Lawrence school district officials say they are firm in their decision not to close or consolidate any elementary schools, despite the fact that enrollment projections that were used to justify that decision earlier this year have so far turned out to be inaccurate.
“I am convinced that consolidation is not the ideal route for our district to take,” school board president Vanessa Sanburn said Thursday. “I recognize it is a potential solution. I just don’t believe it’s the best one.”
Earlier this year, the school board backed away from plans to close or consolidate certain grade schools in central and east Lawrence. Those schools included Cordley, Hillcrest, Kennedy, New York, Pinckney and Sunset Hill.
That decision to back away from consolidation was based on a report from a community task force the board had appointed in 2011. The task force’s report noted, among other things, that new enrollment forecasts showed the district overall would grow faster over the next five years than had previously been estimated, and that the growth would be concentrated in the very neighborhoods that were targeted for school closure and consolidation.
Those projections, from the consulting firm RSP and Associates, showed enrollment would grow more than twice as fast in those attendance zones over the next five years compared with other parts of the district.
But in the first new school year since those projections came out, the forecast has proved to be inaccurate.
According to official head counts taken Sept. 20 and reported by the Kansas State Department of Education, RSP over-estimated this year’s enrollment at four of the six schools slated for consolidation, and under-estimated enrollment at six of the eight other elementary schools in Lawrence.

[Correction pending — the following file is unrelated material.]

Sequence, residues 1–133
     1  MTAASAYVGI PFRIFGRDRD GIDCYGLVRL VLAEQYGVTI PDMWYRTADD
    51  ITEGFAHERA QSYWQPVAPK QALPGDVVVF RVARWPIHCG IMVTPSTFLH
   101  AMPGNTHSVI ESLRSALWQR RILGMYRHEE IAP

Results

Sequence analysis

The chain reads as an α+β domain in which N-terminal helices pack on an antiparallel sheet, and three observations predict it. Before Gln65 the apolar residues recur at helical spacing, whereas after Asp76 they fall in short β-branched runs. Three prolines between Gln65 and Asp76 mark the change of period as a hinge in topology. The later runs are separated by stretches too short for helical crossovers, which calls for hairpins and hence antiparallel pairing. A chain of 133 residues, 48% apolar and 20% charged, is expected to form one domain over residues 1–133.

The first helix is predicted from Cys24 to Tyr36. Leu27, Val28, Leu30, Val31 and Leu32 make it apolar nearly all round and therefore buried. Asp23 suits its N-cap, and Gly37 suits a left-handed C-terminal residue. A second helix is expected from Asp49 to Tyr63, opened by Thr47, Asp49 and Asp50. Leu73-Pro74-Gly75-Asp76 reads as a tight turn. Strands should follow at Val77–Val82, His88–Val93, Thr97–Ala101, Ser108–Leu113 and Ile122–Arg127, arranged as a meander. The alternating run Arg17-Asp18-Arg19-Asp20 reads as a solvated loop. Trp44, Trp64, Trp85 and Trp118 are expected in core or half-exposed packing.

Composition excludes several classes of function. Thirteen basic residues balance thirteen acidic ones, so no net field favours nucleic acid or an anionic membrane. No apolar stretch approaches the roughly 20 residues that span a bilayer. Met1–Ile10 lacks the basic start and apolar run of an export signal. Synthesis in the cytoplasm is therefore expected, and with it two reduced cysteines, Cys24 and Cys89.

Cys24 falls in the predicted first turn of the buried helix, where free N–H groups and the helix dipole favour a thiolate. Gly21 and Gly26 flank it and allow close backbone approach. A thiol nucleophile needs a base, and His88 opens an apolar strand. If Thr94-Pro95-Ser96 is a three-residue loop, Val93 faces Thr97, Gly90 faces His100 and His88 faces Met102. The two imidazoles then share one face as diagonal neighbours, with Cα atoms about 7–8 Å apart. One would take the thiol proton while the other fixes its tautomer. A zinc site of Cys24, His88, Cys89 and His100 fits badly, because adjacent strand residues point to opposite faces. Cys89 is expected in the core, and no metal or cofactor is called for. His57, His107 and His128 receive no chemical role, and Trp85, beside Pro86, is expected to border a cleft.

Rob Schwarz, who heads the firm and who conducted the analysis for the district, said he is currently looking into the new enrollment numbers to understand why the actual head counts differed from the projections.
Superintendent Rick Doll said Schwarz will address those questions when he appears at one of the two board meetings scheduled in November.
“They were actually a little bit under-estimating in terms of what we were going to grow,” Doll said of the overall numbers. I think we actually grew (a little) more than they thought we were going to. But it wasn’t necessarily in the areas they had projected. We have talked to RSP about that, in addition to some information that has come out about some additional housing developments that have started on the west side of town. That’s changed as well.”
The Lawrence school board approved a contract with RSP in October 2011 to conduct an analysis specifically for the task force working on the consolidation plan. The contract was for $27,500, according to minutes of that meeting.
RSP’s report was released in January and it played a big part in the task force’s recommendation not to consolidate any grade schools but, instead, to upgrade and renovate all of the existing buildings.
“Last year, it was thought that enrollment growth would be concentrated in the newer neighborhoods of west Lawrence,” the report stated, “but RSP Consulting now projects that growth will be concentrated in and around the schools slated for consolidation and in Lawrence’s south and southwest areas.”
The school board eventually accepted that recommendation and is now in the process of drawing up plans for a bond election in the spring to fund upgrades and renovations at the six “core” elementary schools, as well as facility improvements and technology upgrades throughout the district.
Sanburn, however, said the enrollment projections were not the only factor in convincing the board not to pursue consolidation.
For one thing, she said, much of the space that was considered “excess capacity” in those buildings has since been taken up since the closure of Wakarusa Valley School in 2011. In addition, Lawrence is now providing all-day kindergarten at every elementary school, which has also removed excess space.
But another reason, she said, is that the six schools targeted for closure and consolidation also have some of the largest populations of low-income and minority students, and those are the neighborhoods where the district tries to maintain smaller class sizes.
“And so even if we consolidated, we could get some benefit from having larger class sizes and saving money on staff,” Sanburn said. “But because of our commitment that we’ve made to lowering class size ratios for lower-income students, a lot of that savings would be negated by hiring more staff to deal with larger populations.”